Kubernetes.io Blog: Pod Priority and Preemption in Kubernetes


Author: Bobby Salamat

Kubernetes is well-known for running scalable workloads. It scales your workloads based on their resource usage. When a workload is scaled up, more instances of the application get created. When the application is critical for your product, you want to make sure that these new instances are scheduled even when your cluster is under resource pressure. One obvious solution to this problem is to over-provision your cluster resources to have some amount of slack resources available for scale-up situations. This approach often works, but costs more as you would have to pay for the resources that are idle most of the time.

Pod priority and preemption is a scheduler feature made generally available in Kubernetes 1.14 that allows you to achieve high levels of scheduling confidence for your critical workloads without overprovisioning your clusters. It also provides a way to improve resource utilization in your clusters without sacrificing the reliability of your essential workloads.

Guaranteed scheduling with controlled cost

Kubernetes Cluster Autoscaler is an excellent tool in the ecosystem which adds more nodes to your cluster when your applications need them. However, cluster autoscaler has some limitations and may not work for all users:

  • It does not work in physical clusters.
  • Adding more nodes to the cluster costs more.
  • Adding nodes is not instantaneous and could take minutes before those nodes become available for scheduling.
    An alternative is Pod Priority and Preemption. In this approach, you combine multiple workloads in a single cluster. For example, you may run your CI/CD pipeline, ML workloads, and your critical service in the same cluster. When multiple workloads run in the same cluster, the size of your cluster is larger than a cluster that you would use to run only your critical service. If you give your critical service the highest priority and your CI/CD and ML workloads lower priority, when your service needs more computing resources, the scheduler preempts (evicts) enough pods of your lower priority workloads, e.g., ML workload, to allow all your higher priority pods to schedule.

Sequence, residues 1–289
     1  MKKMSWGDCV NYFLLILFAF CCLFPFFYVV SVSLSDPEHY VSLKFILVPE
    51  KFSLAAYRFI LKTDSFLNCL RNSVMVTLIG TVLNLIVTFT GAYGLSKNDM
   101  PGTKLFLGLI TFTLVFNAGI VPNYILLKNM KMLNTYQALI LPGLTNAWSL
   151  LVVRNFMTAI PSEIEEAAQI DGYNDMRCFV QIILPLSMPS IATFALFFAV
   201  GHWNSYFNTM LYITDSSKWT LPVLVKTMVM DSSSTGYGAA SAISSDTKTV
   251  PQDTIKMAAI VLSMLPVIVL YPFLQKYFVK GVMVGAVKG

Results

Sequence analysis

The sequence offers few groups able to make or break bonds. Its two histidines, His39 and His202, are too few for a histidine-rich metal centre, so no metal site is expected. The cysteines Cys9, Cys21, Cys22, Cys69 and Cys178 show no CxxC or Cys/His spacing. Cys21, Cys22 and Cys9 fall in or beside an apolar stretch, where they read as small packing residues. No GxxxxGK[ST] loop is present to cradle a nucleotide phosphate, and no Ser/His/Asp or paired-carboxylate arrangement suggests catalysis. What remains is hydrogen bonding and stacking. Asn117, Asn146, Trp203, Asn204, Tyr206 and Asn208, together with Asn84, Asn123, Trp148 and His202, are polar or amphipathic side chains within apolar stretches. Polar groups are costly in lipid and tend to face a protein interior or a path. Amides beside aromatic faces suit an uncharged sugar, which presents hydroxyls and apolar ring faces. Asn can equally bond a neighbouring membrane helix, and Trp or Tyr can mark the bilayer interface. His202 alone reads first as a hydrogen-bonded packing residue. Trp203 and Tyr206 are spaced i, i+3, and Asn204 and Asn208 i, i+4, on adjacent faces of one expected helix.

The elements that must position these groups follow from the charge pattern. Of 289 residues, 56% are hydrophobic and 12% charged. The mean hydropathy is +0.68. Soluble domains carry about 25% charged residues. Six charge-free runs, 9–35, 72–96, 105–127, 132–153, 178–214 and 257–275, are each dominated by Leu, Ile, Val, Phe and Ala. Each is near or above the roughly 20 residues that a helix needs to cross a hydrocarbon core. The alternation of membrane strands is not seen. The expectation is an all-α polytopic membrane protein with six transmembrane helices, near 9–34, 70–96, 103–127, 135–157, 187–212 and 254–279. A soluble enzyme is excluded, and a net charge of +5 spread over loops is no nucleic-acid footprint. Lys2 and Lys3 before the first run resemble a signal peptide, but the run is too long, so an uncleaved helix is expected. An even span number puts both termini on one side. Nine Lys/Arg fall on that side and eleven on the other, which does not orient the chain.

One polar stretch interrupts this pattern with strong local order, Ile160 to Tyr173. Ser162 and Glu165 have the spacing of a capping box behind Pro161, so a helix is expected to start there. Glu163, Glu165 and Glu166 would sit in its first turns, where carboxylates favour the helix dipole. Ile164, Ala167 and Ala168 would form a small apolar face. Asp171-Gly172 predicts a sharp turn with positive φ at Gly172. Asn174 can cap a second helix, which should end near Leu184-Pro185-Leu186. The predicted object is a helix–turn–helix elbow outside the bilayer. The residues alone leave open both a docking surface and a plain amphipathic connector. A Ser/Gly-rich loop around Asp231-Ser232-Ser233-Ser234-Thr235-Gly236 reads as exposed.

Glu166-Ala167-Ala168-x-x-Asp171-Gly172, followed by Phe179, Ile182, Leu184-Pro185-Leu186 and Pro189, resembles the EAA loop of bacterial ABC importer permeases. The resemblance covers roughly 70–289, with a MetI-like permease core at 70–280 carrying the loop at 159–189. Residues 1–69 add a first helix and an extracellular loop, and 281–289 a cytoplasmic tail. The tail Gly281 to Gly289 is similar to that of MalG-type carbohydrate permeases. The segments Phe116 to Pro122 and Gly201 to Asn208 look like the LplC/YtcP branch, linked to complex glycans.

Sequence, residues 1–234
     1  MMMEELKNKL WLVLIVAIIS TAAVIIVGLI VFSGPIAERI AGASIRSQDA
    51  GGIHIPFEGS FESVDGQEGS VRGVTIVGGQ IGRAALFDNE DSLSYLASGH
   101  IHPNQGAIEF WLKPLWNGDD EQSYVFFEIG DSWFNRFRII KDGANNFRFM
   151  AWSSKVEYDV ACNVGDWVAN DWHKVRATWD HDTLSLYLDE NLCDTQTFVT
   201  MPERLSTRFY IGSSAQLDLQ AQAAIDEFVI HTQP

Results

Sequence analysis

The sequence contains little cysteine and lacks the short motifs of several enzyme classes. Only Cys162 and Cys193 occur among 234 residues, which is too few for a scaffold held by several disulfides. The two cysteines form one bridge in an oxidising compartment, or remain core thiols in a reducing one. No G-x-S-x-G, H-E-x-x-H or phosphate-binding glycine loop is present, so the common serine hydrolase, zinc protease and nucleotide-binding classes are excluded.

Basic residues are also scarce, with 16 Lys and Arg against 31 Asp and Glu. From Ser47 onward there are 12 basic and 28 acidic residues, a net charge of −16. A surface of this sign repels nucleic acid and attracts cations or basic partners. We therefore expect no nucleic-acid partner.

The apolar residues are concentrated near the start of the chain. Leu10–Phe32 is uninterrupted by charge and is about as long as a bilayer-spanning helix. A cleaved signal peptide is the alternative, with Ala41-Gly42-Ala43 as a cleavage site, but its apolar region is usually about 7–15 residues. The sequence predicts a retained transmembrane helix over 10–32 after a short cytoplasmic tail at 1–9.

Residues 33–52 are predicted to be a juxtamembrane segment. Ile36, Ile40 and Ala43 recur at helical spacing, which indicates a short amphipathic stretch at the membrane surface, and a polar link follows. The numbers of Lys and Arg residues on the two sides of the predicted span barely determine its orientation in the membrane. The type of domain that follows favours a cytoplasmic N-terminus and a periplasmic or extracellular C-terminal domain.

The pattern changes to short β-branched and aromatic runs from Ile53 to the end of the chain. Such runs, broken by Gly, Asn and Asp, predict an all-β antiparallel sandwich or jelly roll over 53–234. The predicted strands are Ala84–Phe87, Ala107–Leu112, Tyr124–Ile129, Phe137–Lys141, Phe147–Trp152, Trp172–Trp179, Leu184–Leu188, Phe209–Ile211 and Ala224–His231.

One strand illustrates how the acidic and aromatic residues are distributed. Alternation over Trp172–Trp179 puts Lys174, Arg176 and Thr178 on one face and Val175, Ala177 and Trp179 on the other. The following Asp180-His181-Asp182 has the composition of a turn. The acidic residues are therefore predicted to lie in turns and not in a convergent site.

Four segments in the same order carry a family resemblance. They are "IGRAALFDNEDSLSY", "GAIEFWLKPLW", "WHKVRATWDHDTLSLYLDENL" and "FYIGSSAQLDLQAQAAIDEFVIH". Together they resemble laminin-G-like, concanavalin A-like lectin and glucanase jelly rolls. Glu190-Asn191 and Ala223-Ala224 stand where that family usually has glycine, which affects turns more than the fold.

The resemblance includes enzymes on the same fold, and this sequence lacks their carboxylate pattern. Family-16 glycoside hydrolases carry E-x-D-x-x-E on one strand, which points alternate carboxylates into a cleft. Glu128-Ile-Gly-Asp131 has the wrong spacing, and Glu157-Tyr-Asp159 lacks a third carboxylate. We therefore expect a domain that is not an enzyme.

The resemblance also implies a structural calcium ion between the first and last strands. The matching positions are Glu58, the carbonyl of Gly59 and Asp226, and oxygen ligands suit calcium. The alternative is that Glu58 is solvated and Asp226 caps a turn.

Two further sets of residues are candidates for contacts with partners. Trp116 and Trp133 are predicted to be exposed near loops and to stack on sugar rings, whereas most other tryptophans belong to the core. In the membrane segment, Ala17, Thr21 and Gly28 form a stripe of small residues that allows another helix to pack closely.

With pod priority and preemption you can set a maximum size for your cluster in the Autoscaler configuration to ensure your costs get controlled without sacrificing availability of your service. Moreover, preemption is much faster than adding new nodes to the cluster. Within seconds your high priority pods are scheduled, which is critical for latency sensitive services.

Improve cluster resource utilization

Cluster operators who run critical services learn over time a rough estimate of the number of nodes that they need in their clusters to achieve high service availability. The estimate is usually conservative. Such estimates take bursts of traffic into account to find the number of required nodes. Cluster autoscaler can be configured never to reduce the size of the cluster below this level. The only problem is that such estimates are often conservative and cluster resources may remain underutilized most of the time. Pod priority and preemption allows you to improve resource utilization significantly by running a non-critical workload in the cluster.

The non-critical workload may have many more pods that can fit in the cluster. If you give a negative priority to your non-critical workload, Cluster Autoscaler does not add more nodes to your cluster when the non-critical pods are pending. Therefore, you won’t incur higher expenses. When your critical workload requires more computing resources, the scheduler preempts non-critical pods and schedules critical ones.

The non-critical pods fill the “holes” in your cluster resources which improves resource utilization without raising your costs.

Get Involved

If you have feedback for this feature or are interested in getting involved with the design and development, join the Scheduling Special Interest Group.